Compared with other PCF-based biosensors, such as the solid-core index-guiding PCF-based evanescent wave sensor, which has an evanescent field within the holes of 3.3% (Ref. 23), the demonstrated HC-PBGFs have the advantage of large overlap between the light and the sample residing in the holey areas, which is 28.8 times larger. This provides high efficiency for the evanescent wave biosensing applications. Fini has proposed a water-core PCF structure for biosensing applications, which is based on an index-guiding mechanism.^{21} Although it was possible to achieve 90% overlap between the light and the samples, this method required a selective filling technique,^{24, 25} which is a method to fill only some holes of the fiber, such as the central hollow core, rather than the entire holey region. In addition, the analysis and design procedure needed tedious numerical work. A similar method was also proposed by selective filling the hollow core with sample solution, but the guiding mechanism was based on the bandgap guiding.^{26} This method evidently experienced the same problems, including the selective filling process and the tedious numerical work. Another type of hollow-core PCF-based evanescent sensor was demonstrated by filling the entire holey region with samples.^{10} Although the fiber structures and filling technique seem similar, the guiding mechanisms were totally different. In Ref. 10, light was guided through the silica in the entire cladding rather than the hollow core. In other words, light was not guided by bandgap effects. Therefore, only a 5.2% fraction of optical power resided in the samples. This value was much smaller than the HC-PBGFs used in this experiment, which had an overlap of 95%. In addition, as the light dissipated in the cladding, the loss was significantly large, which also introduced the difficulty into the spectral measurement.

The PBGF-based sensor has so far been tested in applications only as a nonspecific biosensor, which shows its potential to measure the concentration of a specific analyte solution. The use of the PBGF sensor to distinguish different solutions appears possible, assuming that a biorecognition element is immobilized on the inner surface of the holey region of the fiber by physical or chemical methods. One of the surface-binding PCF-based sensors uses streptavidin molecules (antigen) as a biorecognition element to detect a specific biomolecule,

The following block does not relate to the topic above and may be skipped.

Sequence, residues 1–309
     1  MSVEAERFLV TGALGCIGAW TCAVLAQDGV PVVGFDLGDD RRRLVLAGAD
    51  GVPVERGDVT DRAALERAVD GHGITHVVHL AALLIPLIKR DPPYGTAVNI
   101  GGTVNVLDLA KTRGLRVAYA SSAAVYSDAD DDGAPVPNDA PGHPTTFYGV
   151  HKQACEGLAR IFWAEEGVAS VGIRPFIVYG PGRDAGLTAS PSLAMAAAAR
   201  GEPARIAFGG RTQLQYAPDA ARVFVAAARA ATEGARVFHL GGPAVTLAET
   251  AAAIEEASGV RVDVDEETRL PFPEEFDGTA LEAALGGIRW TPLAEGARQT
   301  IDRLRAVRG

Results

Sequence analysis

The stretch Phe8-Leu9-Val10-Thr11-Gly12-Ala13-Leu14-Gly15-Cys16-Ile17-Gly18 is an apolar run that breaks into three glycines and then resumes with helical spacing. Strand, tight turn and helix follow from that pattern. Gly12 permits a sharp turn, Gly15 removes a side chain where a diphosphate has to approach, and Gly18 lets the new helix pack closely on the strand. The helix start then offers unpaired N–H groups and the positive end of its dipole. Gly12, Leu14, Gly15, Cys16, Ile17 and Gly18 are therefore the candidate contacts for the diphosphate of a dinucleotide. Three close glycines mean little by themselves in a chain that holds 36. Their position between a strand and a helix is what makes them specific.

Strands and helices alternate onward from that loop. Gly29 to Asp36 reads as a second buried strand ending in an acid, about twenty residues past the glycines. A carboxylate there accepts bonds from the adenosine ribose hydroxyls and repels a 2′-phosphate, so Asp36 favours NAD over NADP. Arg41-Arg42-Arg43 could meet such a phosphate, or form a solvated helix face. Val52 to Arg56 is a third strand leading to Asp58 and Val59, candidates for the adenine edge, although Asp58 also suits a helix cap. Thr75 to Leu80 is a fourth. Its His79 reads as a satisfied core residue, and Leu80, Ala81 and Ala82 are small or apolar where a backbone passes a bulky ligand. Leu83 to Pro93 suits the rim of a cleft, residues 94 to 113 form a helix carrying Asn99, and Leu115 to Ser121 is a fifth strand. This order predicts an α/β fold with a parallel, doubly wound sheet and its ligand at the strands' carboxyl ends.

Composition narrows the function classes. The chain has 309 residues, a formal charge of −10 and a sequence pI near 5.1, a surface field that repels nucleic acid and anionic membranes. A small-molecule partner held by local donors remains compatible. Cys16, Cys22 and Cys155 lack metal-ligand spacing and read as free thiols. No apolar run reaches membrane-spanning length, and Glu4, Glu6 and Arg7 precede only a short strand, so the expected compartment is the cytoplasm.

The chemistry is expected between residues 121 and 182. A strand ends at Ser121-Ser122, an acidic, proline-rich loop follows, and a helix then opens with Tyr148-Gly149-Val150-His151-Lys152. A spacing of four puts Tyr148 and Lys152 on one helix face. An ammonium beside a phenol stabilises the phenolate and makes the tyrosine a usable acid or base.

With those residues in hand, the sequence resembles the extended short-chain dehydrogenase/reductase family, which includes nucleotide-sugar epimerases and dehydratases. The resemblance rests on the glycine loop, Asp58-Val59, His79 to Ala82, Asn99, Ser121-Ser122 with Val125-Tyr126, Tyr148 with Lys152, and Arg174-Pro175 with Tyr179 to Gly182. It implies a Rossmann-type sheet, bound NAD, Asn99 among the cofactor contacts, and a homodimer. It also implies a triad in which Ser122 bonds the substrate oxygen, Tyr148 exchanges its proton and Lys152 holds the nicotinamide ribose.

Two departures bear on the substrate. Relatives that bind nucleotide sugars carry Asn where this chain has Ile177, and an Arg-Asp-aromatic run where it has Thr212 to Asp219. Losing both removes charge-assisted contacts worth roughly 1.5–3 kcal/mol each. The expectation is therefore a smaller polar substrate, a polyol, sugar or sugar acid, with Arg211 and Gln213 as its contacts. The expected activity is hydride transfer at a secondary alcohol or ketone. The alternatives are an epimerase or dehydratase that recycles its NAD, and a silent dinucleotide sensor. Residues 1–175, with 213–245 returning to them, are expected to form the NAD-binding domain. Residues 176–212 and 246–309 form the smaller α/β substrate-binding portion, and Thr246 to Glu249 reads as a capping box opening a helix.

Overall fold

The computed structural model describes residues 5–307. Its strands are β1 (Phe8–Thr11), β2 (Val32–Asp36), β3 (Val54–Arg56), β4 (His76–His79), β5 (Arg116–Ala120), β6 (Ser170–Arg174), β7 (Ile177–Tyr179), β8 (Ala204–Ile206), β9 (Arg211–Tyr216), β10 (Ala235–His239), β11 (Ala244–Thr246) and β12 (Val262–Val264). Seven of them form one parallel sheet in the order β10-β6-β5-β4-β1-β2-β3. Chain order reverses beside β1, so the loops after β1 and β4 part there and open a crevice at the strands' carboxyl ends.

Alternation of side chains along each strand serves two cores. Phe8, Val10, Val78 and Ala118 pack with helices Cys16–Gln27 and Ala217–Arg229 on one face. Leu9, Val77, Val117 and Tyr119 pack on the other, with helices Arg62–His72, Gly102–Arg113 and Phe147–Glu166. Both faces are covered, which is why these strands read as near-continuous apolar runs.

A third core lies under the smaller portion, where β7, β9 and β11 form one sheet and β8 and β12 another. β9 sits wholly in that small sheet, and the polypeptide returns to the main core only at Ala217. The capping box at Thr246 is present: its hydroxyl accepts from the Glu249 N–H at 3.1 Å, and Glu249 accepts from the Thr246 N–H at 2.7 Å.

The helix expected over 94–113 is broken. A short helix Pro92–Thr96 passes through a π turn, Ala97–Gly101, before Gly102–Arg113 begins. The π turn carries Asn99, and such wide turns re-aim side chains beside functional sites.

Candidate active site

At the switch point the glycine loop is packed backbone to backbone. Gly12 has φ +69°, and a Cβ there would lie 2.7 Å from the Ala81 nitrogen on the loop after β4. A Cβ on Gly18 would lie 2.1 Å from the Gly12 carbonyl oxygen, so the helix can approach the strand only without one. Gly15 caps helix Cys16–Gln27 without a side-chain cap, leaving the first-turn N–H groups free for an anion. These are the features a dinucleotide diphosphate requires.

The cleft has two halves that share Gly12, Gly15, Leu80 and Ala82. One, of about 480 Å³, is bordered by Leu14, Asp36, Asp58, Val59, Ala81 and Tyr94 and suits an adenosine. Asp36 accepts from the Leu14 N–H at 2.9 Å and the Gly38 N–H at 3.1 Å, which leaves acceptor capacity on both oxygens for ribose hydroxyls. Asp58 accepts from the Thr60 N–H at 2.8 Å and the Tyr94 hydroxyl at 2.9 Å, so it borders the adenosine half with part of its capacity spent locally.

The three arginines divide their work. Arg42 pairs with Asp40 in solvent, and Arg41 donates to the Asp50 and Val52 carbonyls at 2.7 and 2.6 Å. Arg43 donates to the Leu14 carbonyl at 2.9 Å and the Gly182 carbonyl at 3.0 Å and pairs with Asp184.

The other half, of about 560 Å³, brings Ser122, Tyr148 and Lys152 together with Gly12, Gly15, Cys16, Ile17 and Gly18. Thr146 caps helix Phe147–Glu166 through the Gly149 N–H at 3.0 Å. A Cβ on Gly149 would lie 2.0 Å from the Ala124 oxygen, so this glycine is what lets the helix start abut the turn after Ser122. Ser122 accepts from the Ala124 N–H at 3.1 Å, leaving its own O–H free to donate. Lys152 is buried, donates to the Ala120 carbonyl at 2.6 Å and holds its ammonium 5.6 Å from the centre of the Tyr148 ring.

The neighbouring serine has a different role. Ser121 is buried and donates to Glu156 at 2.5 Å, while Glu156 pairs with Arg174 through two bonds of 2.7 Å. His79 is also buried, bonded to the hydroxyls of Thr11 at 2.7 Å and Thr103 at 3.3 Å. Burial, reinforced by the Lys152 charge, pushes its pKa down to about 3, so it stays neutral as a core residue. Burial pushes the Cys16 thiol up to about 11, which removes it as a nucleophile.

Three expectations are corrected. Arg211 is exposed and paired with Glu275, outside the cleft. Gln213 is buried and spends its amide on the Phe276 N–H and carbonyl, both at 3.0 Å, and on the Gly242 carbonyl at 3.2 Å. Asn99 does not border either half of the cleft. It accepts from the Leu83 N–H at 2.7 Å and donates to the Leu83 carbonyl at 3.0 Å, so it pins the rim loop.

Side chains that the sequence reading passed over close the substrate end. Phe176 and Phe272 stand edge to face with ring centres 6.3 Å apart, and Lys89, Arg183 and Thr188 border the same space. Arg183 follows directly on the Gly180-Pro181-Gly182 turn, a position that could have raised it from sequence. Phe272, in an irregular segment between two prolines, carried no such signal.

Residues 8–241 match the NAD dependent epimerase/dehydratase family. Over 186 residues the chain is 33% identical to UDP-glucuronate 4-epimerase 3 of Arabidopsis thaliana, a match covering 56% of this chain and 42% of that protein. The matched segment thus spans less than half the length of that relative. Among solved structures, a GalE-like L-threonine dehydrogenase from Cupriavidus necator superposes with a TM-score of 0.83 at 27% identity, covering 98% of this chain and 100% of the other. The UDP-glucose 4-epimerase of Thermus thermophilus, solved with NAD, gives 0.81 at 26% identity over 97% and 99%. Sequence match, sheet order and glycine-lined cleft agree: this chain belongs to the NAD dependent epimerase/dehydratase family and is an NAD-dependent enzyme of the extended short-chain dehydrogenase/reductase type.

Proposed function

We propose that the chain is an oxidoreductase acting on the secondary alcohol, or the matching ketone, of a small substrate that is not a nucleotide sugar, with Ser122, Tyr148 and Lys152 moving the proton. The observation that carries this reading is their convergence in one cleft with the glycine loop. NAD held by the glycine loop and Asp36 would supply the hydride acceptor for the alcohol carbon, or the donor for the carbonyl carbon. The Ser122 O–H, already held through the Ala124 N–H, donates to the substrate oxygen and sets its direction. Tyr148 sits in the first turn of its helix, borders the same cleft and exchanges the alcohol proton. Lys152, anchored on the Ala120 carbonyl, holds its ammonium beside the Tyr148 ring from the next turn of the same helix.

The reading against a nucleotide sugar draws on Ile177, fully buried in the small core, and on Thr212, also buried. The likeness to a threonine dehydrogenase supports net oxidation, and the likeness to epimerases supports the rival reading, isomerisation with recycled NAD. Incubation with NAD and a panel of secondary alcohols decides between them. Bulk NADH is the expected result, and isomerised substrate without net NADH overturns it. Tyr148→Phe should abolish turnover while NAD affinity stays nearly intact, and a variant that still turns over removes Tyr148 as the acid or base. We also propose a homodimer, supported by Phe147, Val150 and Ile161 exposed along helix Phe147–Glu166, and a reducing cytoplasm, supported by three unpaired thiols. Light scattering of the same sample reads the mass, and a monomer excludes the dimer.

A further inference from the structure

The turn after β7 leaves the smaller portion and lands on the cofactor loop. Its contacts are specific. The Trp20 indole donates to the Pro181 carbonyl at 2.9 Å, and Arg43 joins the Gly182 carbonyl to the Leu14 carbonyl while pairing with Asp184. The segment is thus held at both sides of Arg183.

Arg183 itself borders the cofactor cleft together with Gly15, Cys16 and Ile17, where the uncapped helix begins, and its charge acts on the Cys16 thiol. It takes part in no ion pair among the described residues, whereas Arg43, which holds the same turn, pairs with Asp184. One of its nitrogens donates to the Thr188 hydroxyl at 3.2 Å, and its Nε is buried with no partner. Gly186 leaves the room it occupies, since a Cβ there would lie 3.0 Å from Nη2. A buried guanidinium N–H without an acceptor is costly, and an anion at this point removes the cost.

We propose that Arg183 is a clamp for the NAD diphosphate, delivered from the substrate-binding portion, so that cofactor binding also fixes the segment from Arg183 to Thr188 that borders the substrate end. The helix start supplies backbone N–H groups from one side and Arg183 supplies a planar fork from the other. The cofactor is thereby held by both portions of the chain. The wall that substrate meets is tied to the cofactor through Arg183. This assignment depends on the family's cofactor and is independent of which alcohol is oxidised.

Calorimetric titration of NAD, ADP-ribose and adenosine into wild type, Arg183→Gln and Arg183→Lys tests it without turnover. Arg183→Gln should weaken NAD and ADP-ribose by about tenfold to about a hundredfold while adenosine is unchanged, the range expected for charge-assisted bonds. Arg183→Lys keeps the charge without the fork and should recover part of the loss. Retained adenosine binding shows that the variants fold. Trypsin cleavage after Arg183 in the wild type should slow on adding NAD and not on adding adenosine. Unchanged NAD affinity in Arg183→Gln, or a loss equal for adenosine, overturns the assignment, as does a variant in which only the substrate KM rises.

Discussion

$\alpha $
-streptavidin (antibody).^{27} This concept may be used for a variety of biodetection, such as various enzymes and antibodies.

Another important practical consideration is the potential for the reuse of the HC-PBGF for multiple tests during semicontinuous on-line monitoring. For the demonstrated nonspecific sensing system, the HC-PBGF can be cleaned with acetone and isopropanol. The filling and cleaning processes can be achieved with the aid of a pressure chamber.^{28} A HC-PBGF–based sensor can be developed for detecting specific targets, for example, by depositing a sensor layer of complementary biomolecules immobilized inside the air holes of the HC-PBGFs. Regeneration of the HC-PBGF sensor for antibody-antigen detection is also possible, since many techniques have been demonstrated to dissociate antibody-antigen complexes, including pressure, electrical field, and solvents.^{1} The regeneration methods can thus follow those techniques that are commonly used in conventional fiber-optic biosensors.

## 5.

## Conclusion

In conclusion, the HC-PBGFs–based evanescent wave sensing technique has been analyzed both theoretically and experimentally. According to the refractive index scaling law, the modal effective index and fraction of optical power residing in the sample after filling process could be derived from the parameters before the filling process. This offers a simple method for both design and analysis procedures. In this type of sensor, light is confined to the central core, with more than 95% of light residing in the samples, which is verified by both theoretical and experimental results. With a small sample consumption of only $1\phantom{\rule{0.3em}{0ex}}\mu \mathrm{L}$ , the measured absorbance for a $30\text{-}\mathrm{cm}$ -long fiber filled with a $0.2\phantom{\rule{0.3em}{0ex}}\mu \mathrm{M}$ Alexa Fluor 700–labeled DNA Oligo solution is 1.06. Due to a large part of the evanescent wave residing in the sample, only a short section of HC-PBGF, $30\phantom{\rule{0.3em}{0ex}}\mathrm{cm}$ long, is required to obtain high sensitivity. This greatly enhances the detection efficiency. In addition, this method does not require a selective filling technique, which further offers convenience for practical applications.

## References

**,” Anal. Chem., 78 3859 –3873 (2006). https://doi.org/10.1021/ac060490z 0003-2700 Google Scholar**